The appellant pleaded not guilty to the counts concerning him which I have reproduced above. To establish their case the prosecution called eight witnesses and the appellant testified and called four other witnesses. At the end of the trial and in its judgment, on 11/11/1998 the tribunal found the appellant guilty on counts 3, 5, 6 and 8, and the tribunal imposed the following sentences against the appellant:

“Count 3

1st accused/convict is sentenced to N50,000 as fine, or in the alternative to 18 months imprisonment with hard labour.

Count 5

The 1st accused/convict is hereby sentenced to 2 years imprisonment without the option of a fine.

Count 6

No sentence is imposed.

Count 8

No sentence is imposed.

The sentences passed are hereby ordered to run concurrently from today.

The appellant felt unhappy with the decision and appealed to the Court of Appeal. The amended Notice of Appeal contained 16 grounds of appeal out of which the appellant submitted thirteen issues arising for the determination of the appeal.

The Court of Appeal rightly in my view after considering the verbosity and the prolixity of the issues formulated by the parties narrowed the real issue in controversy to 5 and these are:

“1. Whether the lower tribunal has jurisdiction to entertain the offences set out in counts 3, 5 and 8 of the charge which respectively relate to theft, obtaining money by false pretences and corrupt enrichment.

  1. Whether the prosecution established the offences of 404 receiving money by false pretences, corrupt enrichment and stealing.
  2. Whether the appellant is a public officer within the meaning of Recovery of Public Property (Special Military Tribunal) Decree.
  3. Whether the entire proceedings together with the judgment and order of the lower tribunal are null and void.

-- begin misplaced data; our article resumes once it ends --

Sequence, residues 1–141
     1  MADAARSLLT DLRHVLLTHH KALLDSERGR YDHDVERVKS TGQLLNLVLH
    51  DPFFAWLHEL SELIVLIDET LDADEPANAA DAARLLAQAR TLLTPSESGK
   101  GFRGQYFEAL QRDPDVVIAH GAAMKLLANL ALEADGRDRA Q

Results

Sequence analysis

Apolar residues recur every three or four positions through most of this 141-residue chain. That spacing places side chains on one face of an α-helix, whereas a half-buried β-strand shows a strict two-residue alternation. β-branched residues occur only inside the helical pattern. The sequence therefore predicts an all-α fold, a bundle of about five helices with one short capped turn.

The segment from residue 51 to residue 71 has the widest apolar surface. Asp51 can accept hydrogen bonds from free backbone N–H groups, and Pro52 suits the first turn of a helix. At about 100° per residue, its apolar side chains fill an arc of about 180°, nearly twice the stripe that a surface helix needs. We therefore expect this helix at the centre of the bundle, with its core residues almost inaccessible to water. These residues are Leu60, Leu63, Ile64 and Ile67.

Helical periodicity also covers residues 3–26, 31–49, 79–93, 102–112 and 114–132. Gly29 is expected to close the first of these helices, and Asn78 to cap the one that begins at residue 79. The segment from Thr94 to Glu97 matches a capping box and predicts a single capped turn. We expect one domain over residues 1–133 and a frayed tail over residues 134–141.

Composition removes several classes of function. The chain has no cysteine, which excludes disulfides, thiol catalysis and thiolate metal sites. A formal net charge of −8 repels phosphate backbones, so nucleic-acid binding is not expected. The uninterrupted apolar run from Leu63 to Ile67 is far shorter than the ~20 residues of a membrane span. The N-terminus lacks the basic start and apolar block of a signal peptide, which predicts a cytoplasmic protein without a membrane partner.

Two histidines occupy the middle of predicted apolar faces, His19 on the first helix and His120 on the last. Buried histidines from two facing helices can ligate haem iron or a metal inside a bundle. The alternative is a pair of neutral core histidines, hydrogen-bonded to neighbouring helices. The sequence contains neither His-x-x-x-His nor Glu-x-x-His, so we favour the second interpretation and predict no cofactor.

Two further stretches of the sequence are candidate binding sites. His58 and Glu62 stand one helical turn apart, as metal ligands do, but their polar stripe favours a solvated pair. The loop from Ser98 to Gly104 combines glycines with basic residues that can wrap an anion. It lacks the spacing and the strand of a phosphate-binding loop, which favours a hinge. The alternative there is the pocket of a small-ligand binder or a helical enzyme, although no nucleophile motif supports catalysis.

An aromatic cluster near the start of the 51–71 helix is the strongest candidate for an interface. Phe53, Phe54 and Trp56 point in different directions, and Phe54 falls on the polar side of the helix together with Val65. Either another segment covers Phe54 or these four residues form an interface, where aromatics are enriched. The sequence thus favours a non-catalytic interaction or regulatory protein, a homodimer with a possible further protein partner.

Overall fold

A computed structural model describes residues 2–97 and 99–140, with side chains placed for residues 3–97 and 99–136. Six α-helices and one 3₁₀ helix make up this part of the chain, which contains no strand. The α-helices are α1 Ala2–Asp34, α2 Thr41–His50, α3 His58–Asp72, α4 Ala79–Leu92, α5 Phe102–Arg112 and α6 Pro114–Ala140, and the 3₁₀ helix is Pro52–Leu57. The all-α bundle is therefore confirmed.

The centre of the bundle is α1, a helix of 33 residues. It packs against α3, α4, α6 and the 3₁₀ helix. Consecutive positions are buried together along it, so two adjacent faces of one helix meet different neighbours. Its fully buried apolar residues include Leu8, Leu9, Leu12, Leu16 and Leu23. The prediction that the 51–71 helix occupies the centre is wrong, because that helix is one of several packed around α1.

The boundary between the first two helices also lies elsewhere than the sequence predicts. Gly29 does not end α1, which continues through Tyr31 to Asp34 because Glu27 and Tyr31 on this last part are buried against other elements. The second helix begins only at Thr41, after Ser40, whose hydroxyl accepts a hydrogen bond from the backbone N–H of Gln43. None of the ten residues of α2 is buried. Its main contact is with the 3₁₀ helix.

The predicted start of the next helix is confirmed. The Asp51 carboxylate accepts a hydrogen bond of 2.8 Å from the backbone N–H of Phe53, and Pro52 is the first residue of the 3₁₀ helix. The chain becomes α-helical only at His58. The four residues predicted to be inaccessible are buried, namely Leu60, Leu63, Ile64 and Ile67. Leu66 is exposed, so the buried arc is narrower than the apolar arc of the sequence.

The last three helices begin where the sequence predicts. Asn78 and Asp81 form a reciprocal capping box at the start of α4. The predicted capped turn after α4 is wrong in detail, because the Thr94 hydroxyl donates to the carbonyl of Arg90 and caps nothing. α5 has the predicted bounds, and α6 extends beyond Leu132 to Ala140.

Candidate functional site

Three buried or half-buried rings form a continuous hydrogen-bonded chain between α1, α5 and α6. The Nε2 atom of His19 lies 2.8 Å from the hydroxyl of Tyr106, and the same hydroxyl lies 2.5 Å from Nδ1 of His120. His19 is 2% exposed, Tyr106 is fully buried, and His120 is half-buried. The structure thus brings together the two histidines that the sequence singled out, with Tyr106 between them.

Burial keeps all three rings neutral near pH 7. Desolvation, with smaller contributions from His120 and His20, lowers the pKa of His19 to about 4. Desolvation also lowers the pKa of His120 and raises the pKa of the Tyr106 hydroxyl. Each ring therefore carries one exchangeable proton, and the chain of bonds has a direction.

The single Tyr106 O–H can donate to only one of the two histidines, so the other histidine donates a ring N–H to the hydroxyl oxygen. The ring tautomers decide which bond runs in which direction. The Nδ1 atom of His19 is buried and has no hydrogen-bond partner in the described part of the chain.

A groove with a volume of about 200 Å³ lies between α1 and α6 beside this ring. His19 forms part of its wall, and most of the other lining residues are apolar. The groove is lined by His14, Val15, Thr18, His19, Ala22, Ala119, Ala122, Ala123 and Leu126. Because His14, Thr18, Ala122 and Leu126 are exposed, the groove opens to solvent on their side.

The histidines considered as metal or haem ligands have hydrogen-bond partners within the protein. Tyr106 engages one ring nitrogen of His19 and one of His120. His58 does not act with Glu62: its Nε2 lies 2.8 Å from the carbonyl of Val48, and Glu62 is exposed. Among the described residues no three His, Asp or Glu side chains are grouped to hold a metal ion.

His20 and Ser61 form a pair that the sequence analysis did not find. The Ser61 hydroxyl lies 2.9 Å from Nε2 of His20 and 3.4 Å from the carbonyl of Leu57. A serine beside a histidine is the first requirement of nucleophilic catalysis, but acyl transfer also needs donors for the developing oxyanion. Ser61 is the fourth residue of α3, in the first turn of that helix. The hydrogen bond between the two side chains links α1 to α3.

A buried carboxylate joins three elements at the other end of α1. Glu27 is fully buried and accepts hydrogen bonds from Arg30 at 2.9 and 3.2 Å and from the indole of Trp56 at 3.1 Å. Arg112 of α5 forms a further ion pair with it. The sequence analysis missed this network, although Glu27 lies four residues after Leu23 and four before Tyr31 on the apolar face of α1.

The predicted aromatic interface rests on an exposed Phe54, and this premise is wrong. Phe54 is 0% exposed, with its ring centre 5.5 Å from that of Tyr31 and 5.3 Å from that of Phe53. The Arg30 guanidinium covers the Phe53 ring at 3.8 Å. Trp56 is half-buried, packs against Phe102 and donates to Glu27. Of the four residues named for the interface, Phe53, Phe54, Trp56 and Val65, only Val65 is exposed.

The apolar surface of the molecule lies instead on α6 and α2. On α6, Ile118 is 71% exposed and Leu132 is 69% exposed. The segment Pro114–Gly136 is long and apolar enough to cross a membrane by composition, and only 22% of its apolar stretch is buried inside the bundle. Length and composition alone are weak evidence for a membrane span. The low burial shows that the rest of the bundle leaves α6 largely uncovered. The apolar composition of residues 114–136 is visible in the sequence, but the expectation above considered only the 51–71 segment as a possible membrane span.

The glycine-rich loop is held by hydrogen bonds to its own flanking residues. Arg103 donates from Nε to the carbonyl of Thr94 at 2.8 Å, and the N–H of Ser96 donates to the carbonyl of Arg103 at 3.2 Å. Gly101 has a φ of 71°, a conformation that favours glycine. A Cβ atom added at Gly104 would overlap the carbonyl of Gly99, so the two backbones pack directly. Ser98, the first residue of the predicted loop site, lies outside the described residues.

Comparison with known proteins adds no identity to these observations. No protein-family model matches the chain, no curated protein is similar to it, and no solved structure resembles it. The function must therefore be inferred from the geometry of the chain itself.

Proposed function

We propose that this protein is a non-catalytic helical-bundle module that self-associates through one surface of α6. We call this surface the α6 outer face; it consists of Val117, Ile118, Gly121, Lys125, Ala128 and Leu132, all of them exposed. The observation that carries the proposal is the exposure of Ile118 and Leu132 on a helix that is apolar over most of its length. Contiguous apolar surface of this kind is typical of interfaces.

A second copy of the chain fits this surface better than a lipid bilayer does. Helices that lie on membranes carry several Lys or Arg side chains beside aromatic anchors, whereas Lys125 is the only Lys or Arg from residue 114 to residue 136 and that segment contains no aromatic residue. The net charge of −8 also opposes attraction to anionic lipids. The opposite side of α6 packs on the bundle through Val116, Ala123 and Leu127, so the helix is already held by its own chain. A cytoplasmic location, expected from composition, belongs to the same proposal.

4. Whether the sentences imposed on the appellant are not excessive.”

After the consideration of the submissions of counsel and the briefs, the Court of Appeal, in its judgment delivered on the 15/1/2003, found in favour of the appellant on issue No.3, but in the main, found no merit in the appeal and the appeal was accordingly dismissed and the conviction and sentences imposed by the tribunal were affirmed. This now, is a further appeal by the appellant to this court. The notice of appeal contains four grounds of appeal and bereft of their particulars, they read as follows:

“1. The learned justices of the Court of Appeal erred in law when they held that “the instant case, the subject matter of the case in the trial tribunal was patently within the embrace of the different legislations which conferred jurisdiction to try the different offences for which the appellant was convicted.

  1. The learned justices of the Court of Appeal erred in law when they “arrived at the conclusion that the convictions and sentences based on the offences of stealing, obtaining by false pretences and corrupt enrichment were valid when the established facts cannot amount to stealing or obtaining by false pretences or corrupt enrichment in law.”
  2. The learned justices of the Court of Appeal erred in law when they affirmed the judgment of the failed banks tribunal convicting the appellant for the offence of failing to take reasonable steps to secure compliance by Ivory Merchant Bank Ltd. with the requirements of banks and other financial institutions Decree No.25 of 1991 (now Act) Under Section 20(6) and punishable under section 46(a) of the same Decree, as charged in Count 6 of the (information) charge.”
  3. The learned justices of the Court of Appeal erred in law in confirming the order of the Failed Banks Tribunal confiscating the appellant’s assets and properties under section 20 of Decree No.18 of 1994 as amended.”

The reliefs sought by the appellant from this court is for (1) an order setting aside the conviction and sentence of the appellant and to enter instead an order of discharge and acquittal of the appellant in respect of counts 3, 5, 6 and 8 (2) an order releasing the confiscated assets and properties of the appellant to him.

Before the examination of the issues submitted for the determination of the appeal, it is convenient at this stage to set out the back ground facts of the case.